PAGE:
PMID: 2865148Jan 1, 1985Paper

Beta-blockers and psychometric performance: studies in normal volunteers

European Journal of Clinical Pharmacology
D G McDevitt

Abstract

Tests of psychometric function were performed in young, normal volunteers taking several beta-adrenoceptor antagonists. With single doses of atenolol, a cardioselective hydrophilic beta-blocker, dose-dependent effects were apparent and were maximal at a dose of 200 mg. The lipophilic non-selective beta-blocker, propranolol, also produced significant impairment of psychomotor tests but these were inversely related to dose, the longest effects being at a dose of 40 mg but with little effect at 320 mg. Subsequently, a multisubject comparison of propranolol and atenolol confirmed these findings and showed the effects to be of the same order of magnitude as those produced by diazepam. Chronic administration of atenolol 100 mg, nadolol 80 mg and diazepam 5 mg daily for seven days showed some effects with all drugs during the test period; however, these were sporadic rather than persistent. Overall, beta-blockers do appear to have central effects in man which can be demonstrated by psychomotor tests. However, the relevance of these central effects to maintenance therapy and skilled performance is unclear.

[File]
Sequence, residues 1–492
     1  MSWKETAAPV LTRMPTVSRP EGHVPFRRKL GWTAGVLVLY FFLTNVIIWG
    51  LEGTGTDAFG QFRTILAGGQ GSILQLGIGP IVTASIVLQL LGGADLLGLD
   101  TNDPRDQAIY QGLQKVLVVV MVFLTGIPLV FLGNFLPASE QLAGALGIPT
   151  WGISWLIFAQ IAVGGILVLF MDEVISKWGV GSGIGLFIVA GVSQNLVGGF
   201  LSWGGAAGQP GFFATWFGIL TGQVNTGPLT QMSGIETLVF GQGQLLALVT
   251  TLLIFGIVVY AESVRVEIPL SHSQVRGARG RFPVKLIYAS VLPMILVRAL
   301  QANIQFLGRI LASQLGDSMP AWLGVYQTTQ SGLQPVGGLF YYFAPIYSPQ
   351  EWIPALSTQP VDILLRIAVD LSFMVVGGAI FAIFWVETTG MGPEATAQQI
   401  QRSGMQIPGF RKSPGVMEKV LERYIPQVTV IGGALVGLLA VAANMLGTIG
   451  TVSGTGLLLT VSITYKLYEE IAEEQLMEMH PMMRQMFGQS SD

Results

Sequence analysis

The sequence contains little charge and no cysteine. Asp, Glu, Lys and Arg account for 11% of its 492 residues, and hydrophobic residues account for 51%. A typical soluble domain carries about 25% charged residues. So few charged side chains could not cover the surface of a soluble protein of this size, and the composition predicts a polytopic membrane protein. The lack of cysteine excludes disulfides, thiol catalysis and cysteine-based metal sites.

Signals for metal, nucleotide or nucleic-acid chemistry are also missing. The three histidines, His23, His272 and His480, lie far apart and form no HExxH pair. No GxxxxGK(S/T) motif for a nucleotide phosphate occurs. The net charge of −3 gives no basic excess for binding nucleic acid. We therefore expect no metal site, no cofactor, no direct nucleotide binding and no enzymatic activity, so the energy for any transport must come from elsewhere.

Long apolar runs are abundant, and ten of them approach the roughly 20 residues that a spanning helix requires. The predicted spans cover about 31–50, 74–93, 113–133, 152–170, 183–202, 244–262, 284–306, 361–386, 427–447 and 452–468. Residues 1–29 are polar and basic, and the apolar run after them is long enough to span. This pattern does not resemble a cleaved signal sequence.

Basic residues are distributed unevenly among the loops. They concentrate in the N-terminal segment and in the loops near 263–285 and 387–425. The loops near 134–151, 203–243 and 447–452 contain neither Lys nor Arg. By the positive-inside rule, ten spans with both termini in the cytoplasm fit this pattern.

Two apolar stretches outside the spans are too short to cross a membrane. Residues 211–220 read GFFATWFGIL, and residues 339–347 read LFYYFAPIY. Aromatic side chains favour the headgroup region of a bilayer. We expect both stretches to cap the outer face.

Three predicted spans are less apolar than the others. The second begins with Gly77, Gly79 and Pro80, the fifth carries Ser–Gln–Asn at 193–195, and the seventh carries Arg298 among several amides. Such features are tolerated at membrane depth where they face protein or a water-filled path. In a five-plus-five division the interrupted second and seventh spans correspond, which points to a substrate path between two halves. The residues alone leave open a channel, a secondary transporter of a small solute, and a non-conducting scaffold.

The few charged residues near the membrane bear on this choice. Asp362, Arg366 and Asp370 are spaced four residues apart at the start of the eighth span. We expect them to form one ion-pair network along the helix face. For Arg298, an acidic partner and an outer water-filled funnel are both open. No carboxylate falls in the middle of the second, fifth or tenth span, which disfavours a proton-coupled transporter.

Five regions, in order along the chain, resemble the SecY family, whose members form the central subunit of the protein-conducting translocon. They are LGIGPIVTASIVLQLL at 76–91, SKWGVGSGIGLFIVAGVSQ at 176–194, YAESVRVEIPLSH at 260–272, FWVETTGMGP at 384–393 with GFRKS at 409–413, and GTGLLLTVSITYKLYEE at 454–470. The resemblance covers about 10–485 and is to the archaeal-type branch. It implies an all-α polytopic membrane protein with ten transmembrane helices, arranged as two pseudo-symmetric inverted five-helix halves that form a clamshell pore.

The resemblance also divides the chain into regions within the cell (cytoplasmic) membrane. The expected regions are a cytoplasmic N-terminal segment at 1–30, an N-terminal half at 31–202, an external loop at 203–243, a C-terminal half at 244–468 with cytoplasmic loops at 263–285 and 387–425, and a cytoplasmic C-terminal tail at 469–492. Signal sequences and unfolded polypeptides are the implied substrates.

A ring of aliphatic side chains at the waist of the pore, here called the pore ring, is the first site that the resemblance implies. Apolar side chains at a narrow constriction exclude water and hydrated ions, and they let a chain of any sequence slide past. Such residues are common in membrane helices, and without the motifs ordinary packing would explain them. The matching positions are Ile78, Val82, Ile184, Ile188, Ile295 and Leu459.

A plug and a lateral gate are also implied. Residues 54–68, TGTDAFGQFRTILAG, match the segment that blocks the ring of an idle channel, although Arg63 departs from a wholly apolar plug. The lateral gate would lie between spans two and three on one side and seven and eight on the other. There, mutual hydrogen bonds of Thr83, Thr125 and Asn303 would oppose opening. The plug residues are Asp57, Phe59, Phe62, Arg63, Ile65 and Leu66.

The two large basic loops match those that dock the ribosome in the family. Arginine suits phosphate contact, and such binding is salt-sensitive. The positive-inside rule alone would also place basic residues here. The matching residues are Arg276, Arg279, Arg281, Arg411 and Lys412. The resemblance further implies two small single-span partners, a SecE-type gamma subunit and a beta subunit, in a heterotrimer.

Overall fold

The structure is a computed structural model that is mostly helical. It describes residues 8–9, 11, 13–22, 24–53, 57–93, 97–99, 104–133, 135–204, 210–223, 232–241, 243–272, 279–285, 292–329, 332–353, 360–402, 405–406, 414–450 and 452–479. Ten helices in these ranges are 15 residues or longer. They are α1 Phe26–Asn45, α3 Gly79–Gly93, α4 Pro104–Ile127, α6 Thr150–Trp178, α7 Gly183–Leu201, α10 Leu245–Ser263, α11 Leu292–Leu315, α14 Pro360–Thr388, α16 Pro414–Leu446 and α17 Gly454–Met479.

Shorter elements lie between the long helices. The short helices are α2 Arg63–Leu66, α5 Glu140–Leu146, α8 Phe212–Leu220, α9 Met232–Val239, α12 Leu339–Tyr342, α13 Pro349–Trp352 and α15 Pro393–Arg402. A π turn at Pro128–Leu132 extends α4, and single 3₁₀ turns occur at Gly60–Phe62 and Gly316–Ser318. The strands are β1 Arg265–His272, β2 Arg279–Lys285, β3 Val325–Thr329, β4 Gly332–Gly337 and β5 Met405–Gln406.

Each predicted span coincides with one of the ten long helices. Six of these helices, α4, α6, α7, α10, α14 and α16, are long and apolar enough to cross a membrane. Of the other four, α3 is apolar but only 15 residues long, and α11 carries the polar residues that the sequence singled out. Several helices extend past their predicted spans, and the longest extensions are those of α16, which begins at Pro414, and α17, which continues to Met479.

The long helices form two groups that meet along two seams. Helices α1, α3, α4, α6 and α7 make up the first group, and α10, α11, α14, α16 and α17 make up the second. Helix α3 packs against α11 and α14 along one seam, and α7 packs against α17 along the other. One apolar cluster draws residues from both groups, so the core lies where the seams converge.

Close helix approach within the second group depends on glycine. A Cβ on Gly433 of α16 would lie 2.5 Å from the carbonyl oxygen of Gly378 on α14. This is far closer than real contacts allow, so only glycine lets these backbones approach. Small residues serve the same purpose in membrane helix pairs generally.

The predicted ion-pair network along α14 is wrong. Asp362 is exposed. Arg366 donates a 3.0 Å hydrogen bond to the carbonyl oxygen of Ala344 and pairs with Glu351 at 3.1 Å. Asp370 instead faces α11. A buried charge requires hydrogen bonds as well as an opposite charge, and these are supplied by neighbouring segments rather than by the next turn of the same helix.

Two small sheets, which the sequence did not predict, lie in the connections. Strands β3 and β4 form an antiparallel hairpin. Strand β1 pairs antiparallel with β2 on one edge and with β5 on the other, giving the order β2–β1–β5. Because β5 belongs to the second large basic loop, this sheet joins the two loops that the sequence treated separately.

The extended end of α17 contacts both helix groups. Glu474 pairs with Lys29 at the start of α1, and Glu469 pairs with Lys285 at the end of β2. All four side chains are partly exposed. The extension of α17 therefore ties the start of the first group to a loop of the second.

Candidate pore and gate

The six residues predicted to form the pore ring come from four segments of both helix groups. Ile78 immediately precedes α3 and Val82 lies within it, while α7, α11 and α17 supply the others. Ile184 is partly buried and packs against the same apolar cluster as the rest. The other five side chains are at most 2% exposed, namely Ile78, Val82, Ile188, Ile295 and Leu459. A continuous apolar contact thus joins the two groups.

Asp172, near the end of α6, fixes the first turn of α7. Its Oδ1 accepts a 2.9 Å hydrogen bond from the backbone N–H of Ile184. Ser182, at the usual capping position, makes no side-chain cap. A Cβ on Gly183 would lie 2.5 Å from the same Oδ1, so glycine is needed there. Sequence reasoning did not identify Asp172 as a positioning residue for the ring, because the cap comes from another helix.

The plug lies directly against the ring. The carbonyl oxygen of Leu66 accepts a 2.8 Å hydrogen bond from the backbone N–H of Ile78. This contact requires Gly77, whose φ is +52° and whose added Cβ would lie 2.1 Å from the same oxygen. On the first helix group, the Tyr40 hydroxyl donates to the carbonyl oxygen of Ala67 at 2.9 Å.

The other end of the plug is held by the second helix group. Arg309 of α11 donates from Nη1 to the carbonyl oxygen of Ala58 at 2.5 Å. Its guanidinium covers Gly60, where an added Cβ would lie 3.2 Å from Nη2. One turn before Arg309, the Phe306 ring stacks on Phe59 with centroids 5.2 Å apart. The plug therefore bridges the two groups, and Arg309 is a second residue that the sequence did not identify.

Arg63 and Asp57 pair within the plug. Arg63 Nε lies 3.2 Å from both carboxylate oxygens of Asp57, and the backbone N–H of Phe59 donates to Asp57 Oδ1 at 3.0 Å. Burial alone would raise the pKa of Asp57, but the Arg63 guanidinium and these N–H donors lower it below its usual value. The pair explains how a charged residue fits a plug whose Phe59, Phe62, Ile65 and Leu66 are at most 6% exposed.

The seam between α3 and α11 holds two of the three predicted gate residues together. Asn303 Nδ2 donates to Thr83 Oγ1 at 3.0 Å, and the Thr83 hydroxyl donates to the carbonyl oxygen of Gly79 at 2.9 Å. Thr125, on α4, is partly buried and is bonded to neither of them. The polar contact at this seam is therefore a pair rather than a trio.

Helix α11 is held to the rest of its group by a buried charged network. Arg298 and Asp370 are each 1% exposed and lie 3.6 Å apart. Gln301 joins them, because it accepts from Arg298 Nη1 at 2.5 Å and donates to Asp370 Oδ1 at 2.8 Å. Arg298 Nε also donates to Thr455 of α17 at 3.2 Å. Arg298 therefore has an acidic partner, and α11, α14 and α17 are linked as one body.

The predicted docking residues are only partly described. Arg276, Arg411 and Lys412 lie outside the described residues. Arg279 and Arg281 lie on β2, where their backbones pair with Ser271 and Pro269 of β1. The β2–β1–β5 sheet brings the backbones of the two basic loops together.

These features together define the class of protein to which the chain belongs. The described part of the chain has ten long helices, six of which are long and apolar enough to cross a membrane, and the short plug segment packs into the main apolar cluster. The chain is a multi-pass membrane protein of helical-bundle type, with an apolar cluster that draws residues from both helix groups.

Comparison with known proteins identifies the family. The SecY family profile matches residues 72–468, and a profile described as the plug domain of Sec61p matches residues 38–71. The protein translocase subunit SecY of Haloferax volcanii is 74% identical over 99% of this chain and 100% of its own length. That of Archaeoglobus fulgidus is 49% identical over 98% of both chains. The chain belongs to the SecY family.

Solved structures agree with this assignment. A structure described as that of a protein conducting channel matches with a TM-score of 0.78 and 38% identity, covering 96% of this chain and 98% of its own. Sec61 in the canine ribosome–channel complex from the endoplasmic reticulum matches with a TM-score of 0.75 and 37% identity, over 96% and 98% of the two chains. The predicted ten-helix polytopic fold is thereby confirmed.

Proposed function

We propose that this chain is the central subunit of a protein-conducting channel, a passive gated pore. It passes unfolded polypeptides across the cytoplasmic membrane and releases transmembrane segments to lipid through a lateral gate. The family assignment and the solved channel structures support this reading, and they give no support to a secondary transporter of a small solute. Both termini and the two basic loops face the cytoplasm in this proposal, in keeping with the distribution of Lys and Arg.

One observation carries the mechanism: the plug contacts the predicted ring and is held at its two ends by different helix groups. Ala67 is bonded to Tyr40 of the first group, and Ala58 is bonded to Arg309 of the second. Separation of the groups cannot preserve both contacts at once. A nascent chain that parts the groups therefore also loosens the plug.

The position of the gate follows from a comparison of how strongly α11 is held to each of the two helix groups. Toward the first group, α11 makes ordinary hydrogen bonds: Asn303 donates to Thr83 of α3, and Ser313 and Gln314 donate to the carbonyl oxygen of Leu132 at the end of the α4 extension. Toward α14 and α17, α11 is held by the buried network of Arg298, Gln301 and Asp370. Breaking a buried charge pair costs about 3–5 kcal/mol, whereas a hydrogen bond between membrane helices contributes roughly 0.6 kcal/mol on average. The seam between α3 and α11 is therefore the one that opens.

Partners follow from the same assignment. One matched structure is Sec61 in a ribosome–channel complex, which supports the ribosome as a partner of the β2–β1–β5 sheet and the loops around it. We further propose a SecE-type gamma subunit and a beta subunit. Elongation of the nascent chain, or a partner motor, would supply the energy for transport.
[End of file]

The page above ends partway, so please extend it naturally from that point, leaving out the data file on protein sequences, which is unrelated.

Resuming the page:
References

Jan 31, 1979·Psychopharmacology·A A LandauerF W Prott
Jun 1, 1981·British Journal of Clinical Pharmacology·G Neil-DwyerJ M Cruickshank
Jan 1, 1984·British Journal of Clinical Pharmacology·S A Salem, D G McDevitt
Jan 1, 1983·Clinical Pharmacology and Therapeutics·S A Salem, D G McDevitt
Feb 1, 1974·British Journal of Clinical Pharmacology·P C BryanP Turner

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Citations

Jan 1, 1991·European Journal of Clinical Pharmacology·A K ScottG M Hawksworth
Sep 1, 1986·Medical Toxicology·R V Lewis, D G McDevitt
Oct 26, 1999·The Journal of the Acoustical Society of America·C F LamJ H Mills
Mar 1, 1989·Hepatology : Official Journal of the American Association for the Study of Liver Diseases·P CalèsJ P Pascal

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